Sunbreak introduces a wide range of new monsters, from some that are just minor tweaks on those already in Rise to returning creatures from previous games and brand new ones just for this expansion. Traditionally, the lower level monsters tend to be more dinosaur-like, while the boss style enemies are usually dragons, but here the triumvirate of big bads including a rock monkey called Garangolm, the werewolf inspired Lunagaron, and the vampiric Malezeno.

As you might gather, there’s a distinct Halloween theme to Sunbreak, with Elgado featuring lots of impressive looking gothic architecture, and while this doesn’t seem the best time of year to be going with such a setting it does add a welcome degree of cohesion to the overall package.

As usually happens with Monster Hunter expansions, Sunbreak also introduces the new Master Rank tier of hunts, focusing on more difficult versions of monsters from the parent game. This addition is nowhere near as lazy as it might sound, as most of the monsters have been tweaked with new moves and reactions, and there’s lots of new armour and weapon upgrades tied to them.

One notable change is the sidelining of rampage missions, which is surprising given how much promotion they got in the original, but this is no doubt a reaction to their mix reputation amongst fans. Rampages were at least a new idea though and while Sunbreak is very good if you simply want more of the same, unlike Rise it doesn’t really introduce any new concepts of its own.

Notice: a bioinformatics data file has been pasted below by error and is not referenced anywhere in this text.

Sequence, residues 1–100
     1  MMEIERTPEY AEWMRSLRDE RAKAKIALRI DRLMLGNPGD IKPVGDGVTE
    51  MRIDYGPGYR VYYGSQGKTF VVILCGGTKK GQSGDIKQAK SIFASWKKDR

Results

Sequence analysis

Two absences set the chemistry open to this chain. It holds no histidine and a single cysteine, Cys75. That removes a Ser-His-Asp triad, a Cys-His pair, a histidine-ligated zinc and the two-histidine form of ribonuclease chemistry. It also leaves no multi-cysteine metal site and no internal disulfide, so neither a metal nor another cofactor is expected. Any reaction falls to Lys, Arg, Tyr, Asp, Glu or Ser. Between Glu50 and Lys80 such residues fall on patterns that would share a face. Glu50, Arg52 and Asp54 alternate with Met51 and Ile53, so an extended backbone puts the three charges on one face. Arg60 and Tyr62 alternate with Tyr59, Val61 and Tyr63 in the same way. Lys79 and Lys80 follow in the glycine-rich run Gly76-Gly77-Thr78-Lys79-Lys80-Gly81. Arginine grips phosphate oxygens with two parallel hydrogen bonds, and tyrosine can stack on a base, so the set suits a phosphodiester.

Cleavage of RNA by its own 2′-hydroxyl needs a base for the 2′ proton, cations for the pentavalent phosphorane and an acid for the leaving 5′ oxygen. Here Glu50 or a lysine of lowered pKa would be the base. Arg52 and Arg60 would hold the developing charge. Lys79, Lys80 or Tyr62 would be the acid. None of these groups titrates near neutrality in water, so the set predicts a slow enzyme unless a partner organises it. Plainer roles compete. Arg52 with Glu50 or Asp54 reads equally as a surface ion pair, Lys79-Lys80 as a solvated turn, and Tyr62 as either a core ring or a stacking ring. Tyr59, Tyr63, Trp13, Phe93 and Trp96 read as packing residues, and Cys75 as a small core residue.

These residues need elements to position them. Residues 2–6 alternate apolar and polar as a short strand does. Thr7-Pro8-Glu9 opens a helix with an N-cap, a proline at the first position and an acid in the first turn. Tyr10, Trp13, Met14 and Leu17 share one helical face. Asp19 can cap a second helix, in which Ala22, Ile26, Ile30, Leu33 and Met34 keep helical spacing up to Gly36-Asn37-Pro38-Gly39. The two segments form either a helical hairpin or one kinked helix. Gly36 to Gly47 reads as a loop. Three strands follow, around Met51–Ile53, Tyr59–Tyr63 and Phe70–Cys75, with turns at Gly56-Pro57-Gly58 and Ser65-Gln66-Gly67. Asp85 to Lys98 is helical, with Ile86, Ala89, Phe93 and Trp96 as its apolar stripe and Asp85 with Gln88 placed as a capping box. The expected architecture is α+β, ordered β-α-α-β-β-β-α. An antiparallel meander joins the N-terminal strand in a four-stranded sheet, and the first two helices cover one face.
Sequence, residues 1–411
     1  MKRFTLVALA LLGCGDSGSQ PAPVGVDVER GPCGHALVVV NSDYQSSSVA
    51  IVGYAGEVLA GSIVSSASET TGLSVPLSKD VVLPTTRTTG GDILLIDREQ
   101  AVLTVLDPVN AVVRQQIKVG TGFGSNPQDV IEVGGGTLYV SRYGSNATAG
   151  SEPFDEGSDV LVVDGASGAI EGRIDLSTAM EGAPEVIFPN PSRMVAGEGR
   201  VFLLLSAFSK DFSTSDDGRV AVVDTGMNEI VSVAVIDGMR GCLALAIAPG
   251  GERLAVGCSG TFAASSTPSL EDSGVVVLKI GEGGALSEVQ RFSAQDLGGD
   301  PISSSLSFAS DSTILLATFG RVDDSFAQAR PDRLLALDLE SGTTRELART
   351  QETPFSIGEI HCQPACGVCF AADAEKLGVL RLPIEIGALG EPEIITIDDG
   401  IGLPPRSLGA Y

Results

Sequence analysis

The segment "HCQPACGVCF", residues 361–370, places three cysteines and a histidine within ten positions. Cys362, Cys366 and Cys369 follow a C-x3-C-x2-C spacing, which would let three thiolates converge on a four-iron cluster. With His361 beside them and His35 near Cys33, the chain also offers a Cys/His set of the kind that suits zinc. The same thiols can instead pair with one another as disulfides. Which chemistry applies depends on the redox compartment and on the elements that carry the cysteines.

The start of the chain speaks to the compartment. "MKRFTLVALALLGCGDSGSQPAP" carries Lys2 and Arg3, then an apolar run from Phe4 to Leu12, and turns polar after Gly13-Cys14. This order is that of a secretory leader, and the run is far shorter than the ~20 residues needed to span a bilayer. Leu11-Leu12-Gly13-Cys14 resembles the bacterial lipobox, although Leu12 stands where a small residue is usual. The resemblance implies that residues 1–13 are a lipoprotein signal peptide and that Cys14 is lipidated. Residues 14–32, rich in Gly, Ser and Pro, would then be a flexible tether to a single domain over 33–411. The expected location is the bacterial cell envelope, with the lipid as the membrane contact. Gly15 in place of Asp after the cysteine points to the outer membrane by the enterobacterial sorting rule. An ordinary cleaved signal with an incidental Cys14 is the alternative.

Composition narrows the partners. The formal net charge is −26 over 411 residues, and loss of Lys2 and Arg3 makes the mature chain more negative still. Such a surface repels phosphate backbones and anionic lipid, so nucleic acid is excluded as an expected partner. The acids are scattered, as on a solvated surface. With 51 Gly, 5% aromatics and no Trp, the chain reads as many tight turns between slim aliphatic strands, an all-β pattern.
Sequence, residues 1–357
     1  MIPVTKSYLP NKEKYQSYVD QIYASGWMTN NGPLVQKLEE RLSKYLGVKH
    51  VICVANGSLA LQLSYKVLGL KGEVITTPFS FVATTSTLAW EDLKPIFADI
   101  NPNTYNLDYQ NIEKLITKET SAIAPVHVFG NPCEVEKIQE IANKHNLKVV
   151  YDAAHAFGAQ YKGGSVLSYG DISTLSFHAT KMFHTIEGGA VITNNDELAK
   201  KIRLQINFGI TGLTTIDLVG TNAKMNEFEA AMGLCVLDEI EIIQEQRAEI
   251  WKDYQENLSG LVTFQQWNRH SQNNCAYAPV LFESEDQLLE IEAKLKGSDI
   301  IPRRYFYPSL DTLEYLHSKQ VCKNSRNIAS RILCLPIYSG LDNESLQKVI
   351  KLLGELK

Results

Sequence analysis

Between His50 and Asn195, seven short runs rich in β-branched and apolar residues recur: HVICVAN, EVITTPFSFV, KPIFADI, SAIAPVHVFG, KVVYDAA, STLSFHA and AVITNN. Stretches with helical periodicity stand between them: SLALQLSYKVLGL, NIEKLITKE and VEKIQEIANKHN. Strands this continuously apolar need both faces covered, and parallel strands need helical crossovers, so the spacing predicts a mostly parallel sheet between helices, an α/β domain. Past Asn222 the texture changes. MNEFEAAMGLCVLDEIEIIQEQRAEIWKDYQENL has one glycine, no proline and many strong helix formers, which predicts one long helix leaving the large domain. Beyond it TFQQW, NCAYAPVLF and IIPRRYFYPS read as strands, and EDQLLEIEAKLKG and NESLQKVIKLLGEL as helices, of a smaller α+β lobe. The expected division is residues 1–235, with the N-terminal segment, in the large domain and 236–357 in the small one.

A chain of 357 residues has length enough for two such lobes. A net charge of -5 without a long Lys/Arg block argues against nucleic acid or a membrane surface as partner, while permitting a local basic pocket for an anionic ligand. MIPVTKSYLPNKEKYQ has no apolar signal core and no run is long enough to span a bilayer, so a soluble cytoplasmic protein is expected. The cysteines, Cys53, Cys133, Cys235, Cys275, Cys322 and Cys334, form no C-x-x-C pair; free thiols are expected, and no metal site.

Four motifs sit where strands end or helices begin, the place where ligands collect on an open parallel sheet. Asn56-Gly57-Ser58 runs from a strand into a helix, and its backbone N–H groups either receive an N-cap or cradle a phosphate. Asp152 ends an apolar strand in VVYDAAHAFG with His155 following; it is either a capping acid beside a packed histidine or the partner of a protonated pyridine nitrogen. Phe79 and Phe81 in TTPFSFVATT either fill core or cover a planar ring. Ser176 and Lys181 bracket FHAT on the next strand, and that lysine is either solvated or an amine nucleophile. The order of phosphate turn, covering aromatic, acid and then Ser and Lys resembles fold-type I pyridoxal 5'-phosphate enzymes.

The closest is the new follower quests, which involve a computer-controlled hunter tagging along with you. They exhibit some surprisingly good artificial intelligence, from setting traps to switching weapons, and it’s only disappointing that they can’t be selected as bots to fill in for normal multiplayer quests. They do turn up in a more limited number of other missions though and seem destined to be a major part of Monster Hunter in the future.

Also new is the ability to switch between two different loadouts, including completely different weapons, whenever you want, without going back to camp. That’s a very welcome addition, as is the ability to manually set the abilities of your cat-like Palico companions – rather than just trying to find the perfect randomised one to suit your needs.

These are small additions though, that are not enough to headline a paid-for expansion, even if this one is very generously priced given the amount of content. It’s just a shame that none of the new monster hunts have much of a twist to them, despite the unusual designs, and with no new modes or game-changing weapons this is a notably less ambitious expansion than Iceborne. In terms of quality and quantity it’s just as good as ever but it doesn’t manage to rise above its peers.

Monster Hunter Rise: Sunbreak review summary

In Short: Not the most ambitious Monster Hunter expansion there’s ever been but it’s still able to introduce a host of new creatures and features to the always engaging formula.

Pros: The two new areas are good and so are all the new monsters and the, slightly unseasonal, Halloween theme. Followers and follower quests are a good addition and there’s a mountain of other new content.

Cons: Unlike Rise itself there are few new ideas and Sunbreak is formulaic even just within the history of Monster Hunter expansions.

Score: 8/10

Formats: Nintendo Switch (reviewed) and PC
Price: £13.49
Publisher: Capcom
Developer: Capcom
Release Date: 30th June 2022
Age Rating: 12